H.V. Dalling

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H. V. Dalling
Born Horace Victor Dalling
February 5, 1854 (1854-02-05)
Richmond, New Brunswick
Died January 6, 1931 (1931-01-07) (aged 76)
Woodstock, New Brunswick
Occupation Watchmaker, retailer, inventor
Years active 1878-1929
Known for homemade telephone
Spouse(s) Mary Isabella McKilligan (m. 1879; d. 1927)
Children William Victor Dalling, Edith Dalling, 2 others

Horace Victor Dalling was a Canadian watchmaker,[1] jeweller, optician and inventor. He was the watch inspector for the Canadian Pacific Railway,[2] and is also known for manufacturing the first two telephones in Woodstock, New Brunswick, which he placed in his store and in his home.[3]

Biography[edit]

Dalling was born in Richmond, New Brunswick on February 5, 1854, to Thomas M. and Matilda Jane (Gray) Dalling. In 1878 he moved to Woodstock and established his business, Dalling's Jewellery Store. In 1879 he married Mary Isabella McKilligan and the two had four children.

His store was damaged by fire on February 26, 1891. His losses ($150[4]) were covered by insurance.[5]

In 1900, he donated a silver cup, known as the "Dalling Cup", for golf.[6] Another cup, a gold-lined silver cup, was given in 1905 for the Woodstock Hockey League.[7]

His son William Victor Dalling, fought in the First World War as a gunner.[8] He was wounded in France on October 13, 1916, but died of pneumonia on October 19, 1918, contracted in Fredericton while waiting for his discharge.[3]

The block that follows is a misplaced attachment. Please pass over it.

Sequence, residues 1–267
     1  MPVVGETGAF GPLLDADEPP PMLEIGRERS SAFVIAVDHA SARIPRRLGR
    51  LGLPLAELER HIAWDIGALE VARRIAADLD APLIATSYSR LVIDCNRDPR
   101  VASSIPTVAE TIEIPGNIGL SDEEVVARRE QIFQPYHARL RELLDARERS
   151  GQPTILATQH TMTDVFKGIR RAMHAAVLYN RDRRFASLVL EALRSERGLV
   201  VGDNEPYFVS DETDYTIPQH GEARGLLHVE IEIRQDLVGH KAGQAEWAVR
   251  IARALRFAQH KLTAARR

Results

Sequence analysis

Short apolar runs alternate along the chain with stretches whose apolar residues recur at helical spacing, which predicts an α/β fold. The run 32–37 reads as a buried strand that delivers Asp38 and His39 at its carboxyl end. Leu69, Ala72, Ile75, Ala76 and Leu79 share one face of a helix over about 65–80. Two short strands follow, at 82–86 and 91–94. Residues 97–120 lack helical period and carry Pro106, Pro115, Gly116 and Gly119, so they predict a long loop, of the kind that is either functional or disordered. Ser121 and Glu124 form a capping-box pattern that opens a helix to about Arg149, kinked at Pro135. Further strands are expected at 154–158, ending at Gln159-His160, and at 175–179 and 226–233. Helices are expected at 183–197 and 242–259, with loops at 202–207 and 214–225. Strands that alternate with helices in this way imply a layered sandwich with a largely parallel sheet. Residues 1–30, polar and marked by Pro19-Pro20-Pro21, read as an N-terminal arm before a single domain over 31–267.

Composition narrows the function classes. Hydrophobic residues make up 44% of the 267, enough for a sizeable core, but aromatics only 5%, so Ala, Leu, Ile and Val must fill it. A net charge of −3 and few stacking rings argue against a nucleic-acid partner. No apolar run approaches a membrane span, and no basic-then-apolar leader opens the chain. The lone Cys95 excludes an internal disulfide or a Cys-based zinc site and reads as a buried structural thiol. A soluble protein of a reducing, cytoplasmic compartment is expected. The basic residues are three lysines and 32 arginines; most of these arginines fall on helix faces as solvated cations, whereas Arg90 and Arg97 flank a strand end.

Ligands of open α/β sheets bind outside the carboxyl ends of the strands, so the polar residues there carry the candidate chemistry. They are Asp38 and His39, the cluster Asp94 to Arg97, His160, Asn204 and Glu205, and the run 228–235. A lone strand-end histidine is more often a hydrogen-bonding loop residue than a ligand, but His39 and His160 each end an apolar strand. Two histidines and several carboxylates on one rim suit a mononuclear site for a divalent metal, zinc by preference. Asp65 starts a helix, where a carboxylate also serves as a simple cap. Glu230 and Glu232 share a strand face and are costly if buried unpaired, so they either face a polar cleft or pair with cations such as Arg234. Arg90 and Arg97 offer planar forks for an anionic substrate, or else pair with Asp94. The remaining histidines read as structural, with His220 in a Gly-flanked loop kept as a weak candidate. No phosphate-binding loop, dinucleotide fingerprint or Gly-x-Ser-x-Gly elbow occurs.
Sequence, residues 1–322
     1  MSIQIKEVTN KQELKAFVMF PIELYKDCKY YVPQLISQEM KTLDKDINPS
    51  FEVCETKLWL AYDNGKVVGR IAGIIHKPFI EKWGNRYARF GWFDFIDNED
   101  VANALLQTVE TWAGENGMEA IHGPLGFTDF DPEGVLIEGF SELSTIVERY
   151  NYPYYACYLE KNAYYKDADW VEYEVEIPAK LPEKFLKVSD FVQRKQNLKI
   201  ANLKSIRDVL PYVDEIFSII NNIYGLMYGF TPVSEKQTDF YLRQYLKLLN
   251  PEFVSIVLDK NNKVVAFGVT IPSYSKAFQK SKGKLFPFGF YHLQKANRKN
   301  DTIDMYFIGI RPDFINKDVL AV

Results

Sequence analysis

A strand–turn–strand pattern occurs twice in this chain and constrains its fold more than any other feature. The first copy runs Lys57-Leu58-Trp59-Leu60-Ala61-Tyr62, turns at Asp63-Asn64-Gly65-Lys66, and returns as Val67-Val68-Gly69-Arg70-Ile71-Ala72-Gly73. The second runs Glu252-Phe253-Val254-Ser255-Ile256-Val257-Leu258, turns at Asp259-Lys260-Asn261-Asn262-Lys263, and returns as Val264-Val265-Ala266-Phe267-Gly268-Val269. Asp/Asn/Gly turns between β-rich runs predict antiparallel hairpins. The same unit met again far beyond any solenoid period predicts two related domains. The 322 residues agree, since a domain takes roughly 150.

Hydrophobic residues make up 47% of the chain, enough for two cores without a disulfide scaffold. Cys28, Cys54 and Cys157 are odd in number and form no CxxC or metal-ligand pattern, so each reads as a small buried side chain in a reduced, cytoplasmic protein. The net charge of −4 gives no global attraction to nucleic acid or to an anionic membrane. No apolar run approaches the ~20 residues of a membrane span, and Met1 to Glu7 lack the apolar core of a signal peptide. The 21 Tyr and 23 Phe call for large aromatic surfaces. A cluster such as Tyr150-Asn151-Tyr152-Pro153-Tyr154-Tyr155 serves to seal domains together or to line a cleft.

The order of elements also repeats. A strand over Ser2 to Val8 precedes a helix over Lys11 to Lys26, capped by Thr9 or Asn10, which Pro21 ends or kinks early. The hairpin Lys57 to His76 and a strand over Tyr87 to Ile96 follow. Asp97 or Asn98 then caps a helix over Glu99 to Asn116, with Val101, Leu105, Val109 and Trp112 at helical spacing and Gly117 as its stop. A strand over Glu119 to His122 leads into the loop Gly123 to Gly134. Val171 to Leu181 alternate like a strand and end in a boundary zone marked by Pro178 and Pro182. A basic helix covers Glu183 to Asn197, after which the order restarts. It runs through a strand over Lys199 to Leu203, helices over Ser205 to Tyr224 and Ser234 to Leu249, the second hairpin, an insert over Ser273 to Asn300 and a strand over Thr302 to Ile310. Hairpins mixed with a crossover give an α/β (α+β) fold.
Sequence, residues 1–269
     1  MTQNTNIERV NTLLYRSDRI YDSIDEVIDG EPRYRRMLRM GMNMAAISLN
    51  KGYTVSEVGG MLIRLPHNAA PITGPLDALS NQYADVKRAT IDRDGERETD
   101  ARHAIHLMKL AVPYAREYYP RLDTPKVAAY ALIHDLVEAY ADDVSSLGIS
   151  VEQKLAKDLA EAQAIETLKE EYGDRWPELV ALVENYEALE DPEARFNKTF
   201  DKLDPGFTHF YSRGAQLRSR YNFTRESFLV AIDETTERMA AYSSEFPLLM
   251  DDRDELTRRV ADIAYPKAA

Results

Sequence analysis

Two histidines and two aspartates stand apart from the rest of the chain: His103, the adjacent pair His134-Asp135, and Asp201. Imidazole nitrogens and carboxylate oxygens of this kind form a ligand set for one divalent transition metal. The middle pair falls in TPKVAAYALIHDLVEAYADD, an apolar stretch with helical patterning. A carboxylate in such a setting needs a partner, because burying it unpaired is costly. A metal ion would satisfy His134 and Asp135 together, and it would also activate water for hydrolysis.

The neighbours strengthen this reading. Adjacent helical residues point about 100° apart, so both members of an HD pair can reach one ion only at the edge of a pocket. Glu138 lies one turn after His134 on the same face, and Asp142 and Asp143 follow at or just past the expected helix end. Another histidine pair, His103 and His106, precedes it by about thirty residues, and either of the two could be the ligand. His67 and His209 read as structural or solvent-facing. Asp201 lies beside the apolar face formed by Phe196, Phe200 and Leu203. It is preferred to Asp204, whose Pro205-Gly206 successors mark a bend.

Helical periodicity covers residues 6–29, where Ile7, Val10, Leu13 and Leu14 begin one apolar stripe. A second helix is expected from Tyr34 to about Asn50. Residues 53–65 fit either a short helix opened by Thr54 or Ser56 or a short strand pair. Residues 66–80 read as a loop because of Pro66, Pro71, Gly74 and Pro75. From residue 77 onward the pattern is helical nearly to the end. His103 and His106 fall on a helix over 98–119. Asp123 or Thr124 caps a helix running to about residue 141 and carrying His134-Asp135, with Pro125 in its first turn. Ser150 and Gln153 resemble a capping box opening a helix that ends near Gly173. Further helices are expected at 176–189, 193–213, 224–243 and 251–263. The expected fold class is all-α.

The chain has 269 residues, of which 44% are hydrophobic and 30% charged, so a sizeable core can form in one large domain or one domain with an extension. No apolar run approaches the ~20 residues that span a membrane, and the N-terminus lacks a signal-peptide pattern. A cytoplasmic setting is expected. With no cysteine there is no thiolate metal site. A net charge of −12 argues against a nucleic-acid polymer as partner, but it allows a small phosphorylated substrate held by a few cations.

Dalling continued to run his store until 1929, when he retired because of ill health. His daughter, Edith, ran the store until his death on January 6, 1931.

Telephone[edit]

He is most remembered because of his homemade telephone, which he constructed in 1885 and ran between his home on Richmond St. and his store on Main St. He supported the wires by running them in the branches of trees alongside the streets.[9] Telephones (either wires or instruments) were not yet common in the region.

Bell Telephone later investigated his setup and threatened him with a lawsuit for infringing on the company's patent. However, a compromise was reached and Bell opened a small telephone exchange of twenty lines[10] in his store, of which he was the manager.[11] Because there was no service at night or on Sundays, Dalling built and installed a miniature switchboard of eight lines at his home to answer important messages after hours.

References[edit]

  1. ^ "Elgin Private Label Database". NAWCC Information Archive. Retrieved 4 January 2011. 
  2. ^ "Carleton Sentinel Newspaper March 4, 1893". Carleton Sentinel Newspaper. Woodstock, New Brunswick. March 4, 1893. Retrieved 28 March 2011. The C. P. R. know a good thing when they see it, and so having to secure the services of an Inspector of clocks and watches for this district, they naturally and wisely selected Mr. H. V. Dalling for that position. Horace will be found right, every time. 
  3. ^ a b "Dalling Family Collection". Carleton County Historical Society. Retrieved 4 January 2011. 
  4. ^ "Fire Main Street". Carleton Sentinel Newspaper. March 7, 1891. Retrieved 28 March 2011. The losses were as follows : [...] H V Dalling, jeweler, $150;[...]